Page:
Now System 7 the "collaborative venture" has spawned System 7 the album, due for release on September 16th. The LP sees Hillage working with musicians as diverse as Steve Waddington of The Beloved, ex-Simple Minds keyboard player Mick McNeil, techno maestro Derrick May (as revealed exclusively in MT's November 90 issue, incidentally) and, of course, The Orb. It's a successful marriage of Hillage's distinctive guitar playing with contemporary dance grooves and modern-day sampling and sequencing technology. Remarkably, it also appeals as a coherent work while offering a richly varied collection of songs and instrumentals. Individual tracks on the album bring together different collaborators drawn from the pool of System 7 musicians and DJs, which in addition to the artists mentioned above includes singers Olu Rowe and Zoe, rapper Aniff Cousins from Chapter & The Verse, and DJ Paul Oakenfold. As co-composer, co-producer and guitarist on all the tracks, Hillage is the single common element.
In its melding of rock, dance, techno and ambience, System 7 exemplifies the dismantling of musical barriers which Hillage advocates; the flexible collaborative process from which the album's diversity has sprung has allowed Hillage to avoid the musical straitjacket of the traditional band structure and embrace the more fluid working methods which technology has given rise to during the past ten years. The result is a benchmark album for the '90s.
Two of the tracks, 'Sunburst' and 'Miracle', have already appeared as singles, while another, 'Habibi', is scheduled for release in single form at the same time as the album. Hillage sees singles as an opportunity to expand the concept of System 7 into remixing.
"The whole principle of DJs remixing records is something I've taken fully onboard", he states. "I find it very creative. I always had this feeling that it would be nice to have a more flexible and more permutatable approach, though I didn't quite formularise it in my mind, so now this transformability of mixes is something I find quite stimulating.
"Some of the System 7 remixes I've been doing myself, but I'm quite happy to get other people to do them as well. I think that's real fun. Alex and Thrash went off and did a completely different mix of 'Miracle' for the last single, and Paul Oakenfold, who co-wrote the track with us, is planning to do his own mix of it. I'm sure he'll use a lot of different loops as well, so there'll probably just be a few little bits of guitar that are the same. I really like that - a nouveau approach.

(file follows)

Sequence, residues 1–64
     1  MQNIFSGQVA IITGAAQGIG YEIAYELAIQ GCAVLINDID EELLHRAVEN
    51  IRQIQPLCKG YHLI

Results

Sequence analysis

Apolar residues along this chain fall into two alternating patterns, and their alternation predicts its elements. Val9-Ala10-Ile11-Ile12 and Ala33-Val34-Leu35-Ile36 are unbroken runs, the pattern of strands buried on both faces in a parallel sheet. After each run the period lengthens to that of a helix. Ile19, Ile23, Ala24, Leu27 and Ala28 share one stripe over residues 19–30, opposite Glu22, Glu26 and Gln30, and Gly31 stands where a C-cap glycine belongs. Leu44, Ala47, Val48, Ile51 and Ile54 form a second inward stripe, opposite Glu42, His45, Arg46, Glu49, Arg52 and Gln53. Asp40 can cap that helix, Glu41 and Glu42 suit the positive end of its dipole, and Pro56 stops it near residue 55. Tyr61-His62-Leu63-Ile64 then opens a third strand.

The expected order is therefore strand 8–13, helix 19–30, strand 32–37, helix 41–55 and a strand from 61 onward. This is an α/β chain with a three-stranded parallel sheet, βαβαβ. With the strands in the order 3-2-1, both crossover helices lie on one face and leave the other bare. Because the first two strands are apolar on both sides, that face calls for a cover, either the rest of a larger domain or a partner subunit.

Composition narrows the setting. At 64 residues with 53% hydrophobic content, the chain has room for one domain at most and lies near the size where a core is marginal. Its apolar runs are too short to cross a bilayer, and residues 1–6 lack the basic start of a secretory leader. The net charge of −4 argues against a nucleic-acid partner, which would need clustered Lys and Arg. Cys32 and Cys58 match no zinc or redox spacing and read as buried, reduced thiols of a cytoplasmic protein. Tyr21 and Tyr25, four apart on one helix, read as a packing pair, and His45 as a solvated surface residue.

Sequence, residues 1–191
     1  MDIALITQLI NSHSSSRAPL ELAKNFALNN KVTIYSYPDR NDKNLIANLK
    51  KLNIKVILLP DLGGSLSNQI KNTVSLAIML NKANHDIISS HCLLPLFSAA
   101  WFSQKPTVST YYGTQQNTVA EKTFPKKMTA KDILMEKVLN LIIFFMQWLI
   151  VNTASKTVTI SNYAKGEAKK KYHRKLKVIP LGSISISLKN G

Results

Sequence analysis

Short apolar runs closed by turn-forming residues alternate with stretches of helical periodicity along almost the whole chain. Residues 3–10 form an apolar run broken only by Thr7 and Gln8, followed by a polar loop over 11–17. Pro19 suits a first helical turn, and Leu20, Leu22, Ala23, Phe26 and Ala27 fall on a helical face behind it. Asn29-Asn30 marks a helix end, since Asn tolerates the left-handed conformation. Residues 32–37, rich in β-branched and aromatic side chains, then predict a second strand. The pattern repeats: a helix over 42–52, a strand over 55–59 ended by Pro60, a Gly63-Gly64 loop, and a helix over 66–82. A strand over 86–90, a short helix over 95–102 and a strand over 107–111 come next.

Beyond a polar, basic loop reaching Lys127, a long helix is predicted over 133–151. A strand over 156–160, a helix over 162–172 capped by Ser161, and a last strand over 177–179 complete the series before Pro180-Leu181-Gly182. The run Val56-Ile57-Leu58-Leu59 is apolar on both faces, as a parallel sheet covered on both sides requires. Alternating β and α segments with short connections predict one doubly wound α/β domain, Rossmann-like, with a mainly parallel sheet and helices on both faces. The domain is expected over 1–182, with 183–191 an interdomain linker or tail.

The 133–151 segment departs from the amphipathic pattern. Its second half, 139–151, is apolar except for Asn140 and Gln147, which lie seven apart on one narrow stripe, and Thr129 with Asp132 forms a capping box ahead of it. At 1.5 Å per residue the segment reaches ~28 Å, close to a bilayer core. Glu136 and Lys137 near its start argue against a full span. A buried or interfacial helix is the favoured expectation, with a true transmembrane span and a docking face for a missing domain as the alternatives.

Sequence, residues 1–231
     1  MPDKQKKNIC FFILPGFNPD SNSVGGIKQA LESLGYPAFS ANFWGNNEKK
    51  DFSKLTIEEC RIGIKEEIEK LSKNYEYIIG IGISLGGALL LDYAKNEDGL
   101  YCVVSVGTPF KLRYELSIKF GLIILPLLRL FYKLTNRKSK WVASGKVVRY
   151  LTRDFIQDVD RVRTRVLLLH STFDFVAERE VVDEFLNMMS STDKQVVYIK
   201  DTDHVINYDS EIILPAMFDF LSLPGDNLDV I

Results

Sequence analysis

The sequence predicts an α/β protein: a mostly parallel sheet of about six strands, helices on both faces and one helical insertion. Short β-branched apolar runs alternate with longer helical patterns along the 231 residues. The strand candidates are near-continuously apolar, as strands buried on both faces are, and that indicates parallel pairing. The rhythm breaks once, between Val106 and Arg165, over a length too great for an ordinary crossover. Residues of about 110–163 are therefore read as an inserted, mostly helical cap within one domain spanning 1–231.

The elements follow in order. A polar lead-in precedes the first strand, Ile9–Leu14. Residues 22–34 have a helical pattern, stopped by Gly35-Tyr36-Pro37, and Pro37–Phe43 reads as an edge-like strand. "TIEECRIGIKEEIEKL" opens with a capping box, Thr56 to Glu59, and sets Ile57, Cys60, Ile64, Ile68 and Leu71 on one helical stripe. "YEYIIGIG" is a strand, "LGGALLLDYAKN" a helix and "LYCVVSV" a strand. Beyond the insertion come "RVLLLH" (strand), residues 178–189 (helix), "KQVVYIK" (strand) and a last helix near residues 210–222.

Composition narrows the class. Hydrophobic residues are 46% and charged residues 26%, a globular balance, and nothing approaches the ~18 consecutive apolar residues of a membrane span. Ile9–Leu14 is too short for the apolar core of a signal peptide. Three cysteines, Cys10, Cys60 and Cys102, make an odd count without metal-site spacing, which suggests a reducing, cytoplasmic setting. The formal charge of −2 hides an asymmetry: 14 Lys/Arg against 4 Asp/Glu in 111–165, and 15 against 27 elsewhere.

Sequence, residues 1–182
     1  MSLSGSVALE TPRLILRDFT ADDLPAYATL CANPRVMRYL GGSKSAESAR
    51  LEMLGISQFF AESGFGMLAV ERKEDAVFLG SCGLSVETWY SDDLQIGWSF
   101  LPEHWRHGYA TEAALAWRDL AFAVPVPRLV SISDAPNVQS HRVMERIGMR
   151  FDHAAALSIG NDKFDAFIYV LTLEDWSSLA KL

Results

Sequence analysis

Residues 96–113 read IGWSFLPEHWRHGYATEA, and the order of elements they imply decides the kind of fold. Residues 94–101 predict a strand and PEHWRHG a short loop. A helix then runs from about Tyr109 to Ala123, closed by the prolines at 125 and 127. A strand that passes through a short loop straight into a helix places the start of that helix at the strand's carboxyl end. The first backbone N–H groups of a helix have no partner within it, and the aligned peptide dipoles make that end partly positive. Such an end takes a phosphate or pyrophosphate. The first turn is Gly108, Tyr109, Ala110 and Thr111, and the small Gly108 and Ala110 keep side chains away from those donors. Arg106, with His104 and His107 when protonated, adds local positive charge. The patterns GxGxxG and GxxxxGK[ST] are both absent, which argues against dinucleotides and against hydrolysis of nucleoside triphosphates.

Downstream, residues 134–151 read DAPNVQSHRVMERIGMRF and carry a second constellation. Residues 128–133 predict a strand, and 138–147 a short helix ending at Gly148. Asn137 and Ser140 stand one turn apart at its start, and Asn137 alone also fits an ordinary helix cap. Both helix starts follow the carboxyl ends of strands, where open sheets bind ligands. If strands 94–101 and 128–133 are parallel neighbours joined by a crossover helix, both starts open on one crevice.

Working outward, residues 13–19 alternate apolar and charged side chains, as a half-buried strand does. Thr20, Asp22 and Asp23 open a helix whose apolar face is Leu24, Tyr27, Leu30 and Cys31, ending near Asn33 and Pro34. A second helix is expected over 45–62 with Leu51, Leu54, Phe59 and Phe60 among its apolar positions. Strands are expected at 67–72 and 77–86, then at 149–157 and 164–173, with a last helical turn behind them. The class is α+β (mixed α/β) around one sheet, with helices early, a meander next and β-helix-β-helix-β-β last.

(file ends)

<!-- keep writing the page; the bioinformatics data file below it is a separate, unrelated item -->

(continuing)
"At the same time, we've got a certain loose team, and it's nice to let people who've worked on one track remix a track that I've worked on with someone else. I think that's really interesting chemistry."
HILLAGE'S VERSATILE GUITAR SOUND AND playing style are well suited to the diverse rhythms and textures of System 7's music, not least because his use of echo repeats - a feature of his guitar playing from the outset - has always made him conscious of rhythmic precision and timing in his playing.
"I've always been very, very hot on timing", he says. "Even when I'm trying to play something that's a very obscure triplet-y overlaying rhythm, it's got to groove. You're not playing chord pads when you're playing guitar, you're playing something that's got to interact really sweetly with the rhythm."
At the other extreme there's the famous glissando guitar technique, which also relies on echo - but this time using it to create a spacey, ambient, non-rhythmic effect. The technique was invented by Syd Barrett of Pink Floyd fame, who taught it to Gong founder Daevid Allen, who in turn passed it on to Hillage. Once very much a part of the Gong sound, according to Hillage the technique is now undergoing a renaissance.
"Glissando guitar is definitely happening in the '90s", he says. "It's become quite a big part of the Orb sound, although we didn't use it on the album. Charlie Birch of Simple Minds has done it a bit, too. Right now I use a Steinberger guitar, a little black one, which is absolutely brilliant for glissando guitar as well as for all other things. It really is the ultimate glissando guitar weapon, because the neck's very true and therefore it's in tune and resonant."
The glissando guitar effect is created by routing the guitar through echo processing for the required smooth, spacey sound and then moving a smooth metal object (Hillage has always used the handle of a surgical instrument) rapidly to and fro across the guitar strings at the relevant neck position for the required pitches in order to set up continuous oscillations in the strings. Try doing that with your SY77/JD800/Wavestation. The opening section of Listen, one of three Hillage/May tracks on the System 7 album, provides a good example of glissando guitar in use.